2. Studying the Status of Agricultural Exports with Emphasis on Livestock and Poultry Products

Livestock and poultry products exportation includes 87 tariffs, which their volume and value have been shown in Figures 1 and 2. Total exports of animal products increased from 75 thousand tones in 2001 to 236.6 thousand

Figure 1. Volume of Iranian animal products export (1000 tones).

Figure 2. Value of Iranian animal products export (million$).

tones in 2009 (average annual growth rate of 15.4 percent). Among the products of this subsection, the highest volume of exports belongs to milk, dairy products, eggs and other products, so that the share of total goods export volume of this subsection increased from 44.3 percent in 2001 to over 62 percent in 2009. This Product Group is followed by skin and leather exports though its share is declined during this period from 30.3 percent to 10.3 percent. In terms of export value in this period, livestock and poultry exports subdivision with average annual growth rate of 18.8 percent reached from 139 US$ in 2001 to about half a billion. Among the products of this subsection, skin and leather, milk and dairy products have the highest share of export value. In order to study trends and factors affecting on livestock product export changes, it is necessary to examine the exportation of each animal product in the first stage separately. In this line, annual statistics in 2001-2009 are selected and analyzed.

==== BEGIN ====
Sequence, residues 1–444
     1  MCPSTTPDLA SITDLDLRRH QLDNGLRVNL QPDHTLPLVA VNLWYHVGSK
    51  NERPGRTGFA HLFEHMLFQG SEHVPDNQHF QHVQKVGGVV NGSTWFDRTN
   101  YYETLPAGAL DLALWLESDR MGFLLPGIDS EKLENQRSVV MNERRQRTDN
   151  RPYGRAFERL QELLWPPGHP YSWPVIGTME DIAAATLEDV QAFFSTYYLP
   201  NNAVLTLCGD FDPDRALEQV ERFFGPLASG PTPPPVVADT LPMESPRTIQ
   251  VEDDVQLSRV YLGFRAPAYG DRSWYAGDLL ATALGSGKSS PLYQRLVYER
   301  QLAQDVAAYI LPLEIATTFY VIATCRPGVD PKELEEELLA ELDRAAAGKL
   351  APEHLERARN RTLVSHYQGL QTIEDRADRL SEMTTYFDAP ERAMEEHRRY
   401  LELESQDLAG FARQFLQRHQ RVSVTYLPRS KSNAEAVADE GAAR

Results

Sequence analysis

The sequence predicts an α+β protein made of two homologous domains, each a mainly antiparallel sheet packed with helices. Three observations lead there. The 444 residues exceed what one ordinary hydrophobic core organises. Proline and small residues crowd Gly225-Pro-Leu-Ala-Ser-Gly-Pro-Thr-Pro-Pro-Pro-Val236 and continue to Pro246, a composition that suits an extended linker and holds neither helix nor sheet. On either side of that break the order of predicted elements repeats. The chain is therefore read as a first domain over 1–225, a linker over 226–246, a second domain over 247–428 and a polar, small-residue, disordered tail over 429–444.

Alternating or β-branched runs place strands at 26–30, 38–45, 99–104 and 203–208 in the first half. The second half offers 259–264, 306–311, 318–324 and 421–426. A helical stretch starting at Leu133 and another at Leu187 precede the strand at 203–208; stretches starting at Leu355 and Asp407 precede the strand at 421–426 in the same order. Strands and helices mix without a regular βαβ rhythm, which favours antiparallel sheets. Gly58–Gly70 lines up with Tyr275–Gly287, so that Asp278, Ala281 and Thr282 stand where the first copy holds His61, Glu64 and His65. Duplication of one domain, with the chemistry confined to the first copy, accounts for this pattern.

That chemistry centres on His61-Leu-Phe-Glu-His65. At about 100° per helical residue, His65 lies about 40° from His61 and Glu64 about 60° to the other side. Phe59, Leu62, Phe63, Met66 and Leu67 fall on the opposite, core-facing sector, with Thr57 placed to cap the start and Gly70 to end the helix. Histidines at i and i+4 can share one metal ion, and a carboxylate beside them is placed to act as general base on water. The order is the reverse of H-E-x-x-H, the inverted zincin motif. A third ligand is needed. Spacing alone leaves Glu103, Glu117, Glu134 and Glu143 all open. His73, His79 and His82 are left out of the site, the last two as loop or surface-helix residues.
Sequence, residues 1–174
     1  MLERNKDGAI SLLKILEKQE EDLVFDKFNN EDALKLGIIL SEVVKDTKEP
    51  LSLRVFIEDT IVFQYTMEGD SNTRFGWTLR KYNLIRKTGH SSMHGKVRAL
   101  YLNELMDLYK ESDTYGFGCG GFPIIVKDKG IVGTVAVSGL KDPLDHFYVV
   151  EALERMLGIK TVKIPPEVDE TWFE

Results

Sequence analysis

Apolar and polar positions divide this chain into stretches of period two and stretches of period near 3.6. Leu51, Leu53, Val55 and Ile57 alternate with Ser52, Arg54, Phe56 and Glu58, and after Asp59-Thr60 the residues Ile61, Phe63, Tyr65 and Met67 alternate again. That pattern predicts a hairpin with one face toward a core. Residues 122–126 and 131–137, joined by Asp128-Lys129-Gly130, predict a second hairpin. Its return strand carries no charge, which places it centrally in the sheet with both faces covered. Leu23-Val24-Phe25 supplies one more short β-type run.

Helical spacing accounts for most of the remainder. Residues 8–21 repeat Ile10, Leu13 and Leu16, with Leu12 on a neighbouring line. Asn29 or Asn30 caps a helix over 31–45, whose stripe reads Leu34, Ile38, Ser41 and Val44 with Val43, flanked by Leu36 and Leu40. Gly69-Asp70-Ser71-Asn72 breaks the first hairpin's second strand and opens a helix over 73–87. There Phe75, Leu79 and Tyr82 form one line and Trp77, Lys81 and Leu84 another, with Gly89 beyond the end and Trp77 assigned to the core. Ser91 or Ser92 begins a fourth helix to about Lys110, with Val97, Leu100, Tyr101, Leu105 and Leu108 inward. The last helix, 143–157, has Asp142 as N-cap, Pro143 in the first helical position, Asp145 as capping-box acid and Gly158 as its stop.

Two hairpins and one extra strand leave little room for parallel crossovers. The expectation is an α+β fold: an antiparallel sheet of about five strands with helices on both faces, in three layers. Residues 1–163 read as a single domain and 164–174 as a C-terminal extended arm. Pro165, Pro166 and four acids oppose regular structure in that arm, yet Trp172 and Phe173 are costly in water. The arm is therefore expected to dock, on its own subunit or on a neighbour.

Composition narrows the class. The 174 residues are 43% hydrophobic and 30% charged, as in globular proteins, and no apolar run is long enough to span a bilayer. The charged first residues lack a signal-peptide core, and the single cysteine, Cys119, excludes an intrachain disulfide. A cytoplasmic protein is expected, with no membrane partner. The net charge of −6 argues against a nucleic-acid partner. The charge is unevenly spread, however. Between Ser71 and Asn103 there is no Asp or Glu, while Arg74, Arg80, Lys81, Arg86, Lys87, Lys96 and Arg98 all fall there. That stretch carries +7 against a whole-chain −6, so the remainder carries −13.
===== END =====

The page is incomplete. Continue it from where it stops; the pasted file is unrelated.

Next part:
2.1. Skin and Leather Exports